Of course, you have to pay extra for stuff you have delivered…BUT…my guess is you’d save that much in gasoline alone. I have yet to purchase a full tank of gasoline since the covid scare started! Back in March. Right now the Annoying Venza still has half-a-tank of gasoline, and I’ve only been to the pump once in all this time.
This will change the vendors that I use routinely. Alas, I fear, the beloved AJ’s is going away. Fry’s may, too: it’s a long drive from here to get to an upscale outlet. Meat and household goods will come from Costco; fill in with household stuff from Target, Fry’s, or Amazon. Fresh vegetables and fruits from Sprouts.
And in the fresh produce department, I’m going to get a whole lot more serious about growing vegetables. I think I’ll buy a couple of raised vegetable beds or large that are deep enough to accommodate root vegetables. Chard grows magnificently here, and I love the stuff. So that will be Crop #1. The tomato plants in back already have ten or twelve tomatoes ripening. The ones in front, not so much: they’re kinda stunted. I think that may be the soil, which is hard as a rock. That can be remedied with some compost and a man with a strong back. I’ll ask Gerardo to set the cousins to digging a few bags of Lowe’s best compost into that dirt out there, and while they’re at it, put them up to improving the drip system in that flowerbed.
Then I could have chard, possibly spinach (or not: it tends to struggle here), several varieties of leaf lettuce, carrots, beets, chives, little green onions, bell peppers, tomatoes, eggplant, possibly some new potatoes, possibly yellow onions. Most of these (except the peppers, tomatoes, & eggplant) grow only in the winter here, but it’s mighty easy to blanche and freeze any of them. Interestingly, even tomatoes can be frozen…who knew?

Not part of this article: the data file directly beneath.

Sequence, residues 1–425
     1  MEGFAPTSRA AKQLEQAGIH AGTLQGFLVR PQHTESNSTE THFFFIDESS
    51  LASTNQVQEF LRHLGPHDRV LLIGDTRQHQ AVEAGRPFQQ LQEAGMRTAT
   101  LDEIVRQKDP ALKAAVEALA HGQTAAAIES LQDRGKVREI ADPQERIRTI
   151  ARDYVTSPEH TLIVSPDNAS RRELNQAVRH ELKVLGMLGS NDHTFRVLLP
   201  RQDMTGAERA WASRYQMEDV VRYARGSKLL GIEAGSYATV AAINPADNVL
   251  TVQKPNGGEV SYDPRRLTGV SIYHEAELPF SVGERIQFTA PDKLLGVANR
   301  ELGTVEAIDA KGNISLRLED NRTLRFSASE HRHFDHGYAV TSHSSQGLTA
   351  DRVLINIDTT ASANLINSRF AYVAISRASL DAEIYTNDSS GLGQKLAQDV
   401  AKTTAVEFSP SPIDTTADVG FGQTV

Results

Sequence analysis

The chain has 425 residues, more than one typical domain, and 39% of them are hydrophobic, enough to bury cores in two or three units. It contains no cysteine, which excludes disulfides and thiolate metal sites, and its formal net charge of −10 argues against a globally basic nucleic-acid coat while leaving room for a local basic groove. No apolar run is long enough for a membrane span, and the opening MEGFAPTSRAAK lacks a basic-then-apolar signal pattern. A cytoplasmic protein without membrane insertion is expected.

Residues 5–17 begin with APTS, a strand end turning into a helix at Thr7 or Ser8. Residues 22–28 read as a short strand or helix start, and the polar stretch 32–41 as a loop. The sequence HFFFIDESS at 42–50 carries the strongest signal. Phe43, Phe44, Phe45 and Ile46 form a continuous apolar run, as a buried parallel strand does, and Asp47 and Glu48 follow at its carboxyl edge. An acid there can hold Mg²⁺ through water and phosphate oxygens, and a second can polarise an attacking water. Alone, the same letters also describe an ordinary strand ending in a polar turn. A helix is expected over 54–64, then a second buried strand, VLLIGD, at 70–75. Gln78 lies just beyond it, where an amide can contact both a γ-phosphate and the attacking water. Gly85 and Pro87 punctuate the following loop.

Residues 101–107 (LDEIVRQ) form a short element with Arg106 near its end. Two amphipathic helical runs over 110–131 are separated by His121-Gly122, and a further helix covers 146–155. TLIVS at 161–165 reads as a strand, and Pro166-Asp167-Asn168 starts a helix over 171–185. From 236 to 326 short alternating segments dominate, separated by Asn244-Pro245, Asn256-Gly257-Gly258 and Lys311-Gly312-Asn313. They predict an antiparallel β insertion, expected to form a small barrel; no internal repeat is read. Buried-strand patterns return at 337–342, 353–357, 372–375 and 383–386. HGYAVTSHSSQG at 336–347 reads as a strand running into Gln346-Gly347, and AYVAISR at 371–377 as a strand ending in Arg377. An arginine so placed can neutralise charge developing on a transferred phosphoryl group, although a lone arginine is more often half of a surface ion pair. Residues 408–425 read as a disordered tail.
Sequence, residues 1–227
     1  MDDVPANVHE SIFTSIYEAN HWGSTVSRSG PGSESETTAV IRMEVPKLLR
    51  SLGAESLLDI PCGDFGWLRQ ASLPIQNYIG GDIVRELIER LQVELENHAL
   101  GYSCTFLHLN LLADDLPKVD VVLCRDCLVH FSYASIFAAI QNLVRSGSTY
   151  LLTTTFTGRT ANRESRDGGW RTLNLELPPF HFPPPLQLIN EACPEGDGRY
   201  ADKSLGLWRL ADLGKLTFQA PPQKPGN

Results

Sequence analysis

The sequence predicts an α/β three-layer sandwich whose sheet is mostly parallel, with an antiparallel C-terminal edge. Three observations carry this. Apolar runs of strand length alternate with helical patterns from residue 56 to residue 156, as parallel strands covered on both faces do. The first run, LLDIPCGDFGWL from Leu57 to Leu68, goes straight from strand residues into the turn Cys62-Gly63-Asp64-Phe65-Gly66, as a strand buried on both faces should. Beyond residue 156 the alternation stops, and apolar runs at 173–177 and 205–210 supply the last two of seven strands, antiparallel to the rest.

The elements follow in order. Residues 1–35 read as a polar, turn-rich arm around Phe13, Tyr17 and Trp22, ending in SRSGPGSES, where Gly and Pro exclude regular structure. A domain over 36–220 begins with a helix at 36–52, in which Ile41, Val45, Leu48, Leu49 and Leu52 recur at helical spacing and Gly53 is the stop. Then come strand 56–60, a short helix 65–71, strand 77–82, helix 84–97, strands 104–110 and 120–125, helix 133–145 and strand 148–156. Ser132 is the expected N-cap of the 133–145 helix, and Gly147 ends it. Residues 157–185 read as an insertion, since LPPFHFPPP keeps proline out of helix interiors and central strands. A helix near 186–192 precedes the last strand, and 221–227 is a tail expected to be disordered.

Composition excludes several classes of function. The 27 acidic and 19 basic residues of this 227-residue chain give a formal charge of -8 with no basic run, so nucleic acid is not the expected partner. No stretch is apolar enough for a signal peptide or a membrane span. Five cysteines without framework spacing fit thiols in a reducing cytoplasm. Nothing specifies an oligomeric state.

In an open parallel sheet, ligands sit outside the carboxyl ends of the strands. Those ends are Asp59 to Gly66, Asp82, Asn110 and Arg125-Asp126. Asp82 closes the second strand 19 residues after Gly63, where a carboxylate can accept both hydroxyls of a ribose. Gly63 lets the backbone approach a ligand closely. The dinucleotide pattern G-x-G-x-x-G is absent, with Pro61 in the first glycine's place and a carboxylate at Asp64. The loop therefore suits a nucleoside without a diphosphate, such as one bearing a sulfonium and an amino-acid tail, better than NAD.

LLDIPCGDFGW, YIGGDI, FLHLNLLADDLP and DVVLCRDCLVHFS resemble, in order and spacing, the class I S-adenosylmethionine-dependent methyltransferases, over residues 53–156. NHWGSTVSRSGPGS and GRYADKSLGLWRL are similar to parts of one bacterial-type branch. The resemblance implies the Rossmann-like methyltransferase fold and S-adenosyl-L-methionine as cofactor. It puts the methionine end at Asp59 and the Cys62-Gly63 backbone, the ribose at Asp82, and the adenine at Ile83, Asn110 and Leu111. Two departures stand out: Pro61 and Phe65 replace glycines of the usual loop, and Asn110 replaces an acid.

One of my friends has gotten artichokes to grow here (though they do a lot better in a coastal climate like Salinas’s or Hollister’s) — that might be worth a try. She also gets blackberries to grow in gay profusion…exactly how escapes me, but I intend to ask her. Apparently blueberries will grow here, too. Looks like more trouble than it’s worth, though. Apples and pears used to grow at the ranch (which was up on the Rim), but I believe the Valley is too hot for those.
And finally in the produce department: I may start buying most or all of my produce at farmer’s markets. A thriving farmer’s market does business in the parking lot of a church just east of the ’Hood. I could almost walk over there, though hauling stuff back here would be a chore. That’s assuming the market revives after the covid scare dies down.
Then there’s the wine cellar scheme: Get two crates of wine: one of reds and one of whites. Total Wine will sell you a nice boxful of wine with cardboard separators (i.e., a crate) and let you choose which ones you’d like for the contents. I think they give you a discount if you buy 12 bottles. These get stored in the closet of the spare bedroom/storage room, which is nice and cool even in the dead of summer. Then, when I use up a bottle of wine, I replace it with a new single purchase, so that at no time will this stash be down more than two or at most three bottles.